Canadian Neil Young saw the Life Magazine coverage of the National Guard shootings of four college students at Kent State and was immediately moved to write about it. He gathered David Crosby, Stephen Stills and Graham Nash in the studio a day later, and within three weeks, it was in the stores and on
the radio, reaching #14. Perhaps the best example of current events sparking a popular song: “Tin soldiers and Nixon coming, we’re finally on our own, this summer I hear the drumming, four dead on Ohio…”
“Born in the USA,” Bruce Springsteen, 1984
Ronald Reagan never even took the time to read the words to this anti-war ode about mistreated U.S. veterans before he attempted to exploit it as a patriotic anthem for his 1984 Presidential campaign. As The Boss said at the time, “I would encourage him to actually listen to it before he embraces it.” In the #9 song, Springsteen’s lyrics bemoan the harrowing post-traumatic stress and shabby treatment of veterans of U.S. military service by our government: “Got in a little hometown jam, so they put a rifle in my hand, sent me off to a foreign land to go and kill the yellow man… Come back home to the refinery, hiring man said, ‘Son, if it was up to me…,’ Went down to see my V.A. man, he said, ‘Son, don’t you understand…'”
“Fortunate Son,” Creedence Clearwater Revival, 1969
At the height of America’s involvement in the Vietnam War, it was discovered how many young men with wealth or connections were able to avoid being shipped off to Southeast Asia while other unlucky boys went in their place. Creedence’s John Fogerty found this an outrageous injustice and wrote about it in this #14 hit: “Some folks are born, silver spoon in hand, Lord, don’t they help themselves…it ain’t me, it ain’t me, I ain’t no millionaire’s son, it ain’t me, it ain’t me, I ain’t no fortunate one, no…”
“War,” Edwin Starr, 1970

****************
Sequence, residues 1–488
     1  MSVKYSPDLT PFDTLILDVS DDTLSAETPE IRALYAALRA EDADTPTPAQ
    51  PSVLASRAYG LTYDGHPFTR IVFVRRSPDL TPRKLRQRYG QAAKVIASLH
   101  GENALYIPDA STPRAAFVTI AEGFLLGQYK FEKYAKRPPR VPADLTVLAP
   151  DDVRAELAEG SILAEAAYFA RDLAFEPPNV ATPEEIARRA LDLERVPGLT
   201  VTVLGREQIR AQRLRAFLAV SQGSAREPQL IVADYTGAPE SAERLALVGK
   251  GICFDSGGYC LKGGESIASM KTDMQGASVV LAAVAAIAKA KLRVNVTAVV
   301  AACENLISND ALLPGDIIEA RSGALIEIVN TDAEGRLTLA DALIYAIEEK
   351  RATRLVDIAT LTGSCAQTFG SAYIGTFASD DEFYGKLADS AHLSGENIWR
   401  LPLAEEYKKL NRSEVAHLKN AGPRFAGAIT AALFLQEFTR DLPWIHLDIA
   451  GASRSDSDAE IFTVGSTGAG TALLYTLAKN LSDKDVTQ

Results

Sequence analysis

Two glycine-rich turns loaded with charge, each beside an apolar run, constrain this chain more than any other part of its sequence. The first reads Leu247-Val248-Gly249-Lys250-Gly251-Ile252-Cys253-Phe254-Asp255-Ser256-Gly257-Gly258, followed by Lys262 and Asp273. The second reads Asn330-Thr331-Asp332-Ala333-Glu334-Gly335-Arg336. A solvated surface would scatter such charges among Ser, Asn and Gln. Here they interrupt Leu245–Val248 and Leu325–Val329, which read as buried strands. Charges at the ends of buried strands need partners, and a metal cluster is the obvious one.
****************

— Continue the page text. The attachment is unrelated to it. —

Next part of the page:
This was one of many songs Motown songwriting team Norman Whitfield and Barrett Strong wrote for The Temptations, but it was another version by solo artist Edwin Starr that took the country by storm in the summer of 1970, vaulting to #1. It reached the Top Ten again in 1986 in a live version by Bruce Springsteen, and remains the most successful protest song ever: “War! What is it good for? Absolutely nothing! Say it again…”
“What’s Goin’ On,” Marvin Gaye, 1971
After nearly a decade reigning as the smoothest, suavest voice in Motown singing about love, Gaye burst into social consciousness in 1971 with his vital “What’s Goin’ On” album, with multiple songs lamenting the state of the world. The hit (#2) title track, written by Renaldo Benson, Al Cleveland and Gaye, oozes a laconic serenity even as its lyrics cry out in pain: “Father father, we don’t need to escalate, war is not the answer, for only love can conquer hate…”
There are many dozens of protest songs that missed the charts but are still highly regarded and revered for their important lyrics about major issues of the day. Five favorite examples:
“The Times They Are A-Changin’,” Bob Dylan, 1964
It’s hard to believe this enormously influential song, recorded by dozens of artists, never once was a hit single. No matter — it’s one of the most quoted lyrics of all time about the inevitability of change when society demands it: “Come Senators, Congressmen, please heed the call, don’t stand in the doorway, don’t block up the hall, for he who gets hurt will be he who has stalled, there’s a battle outside and it’s raging…”
“Get Up Stand Up,” Bob Marley, 1973
One of the biggest selling songs in Jamaican history, this defiant tune by Bob Marley and Peter Tosh has taken on an even bigger role since Marley’s death in the mid-’80s. Just about every group with a grievance has adopted this song in an effort to carry on the struggle: “If you know what life is worth, you will look for yours on Earth, and now you see the light, you stand up for your rights, get up, stand up, stand up for your rights!…”
“I-Feel-Like-I’m-Fixin’-to-Die Rag,” Country Joe and the Fish, 1969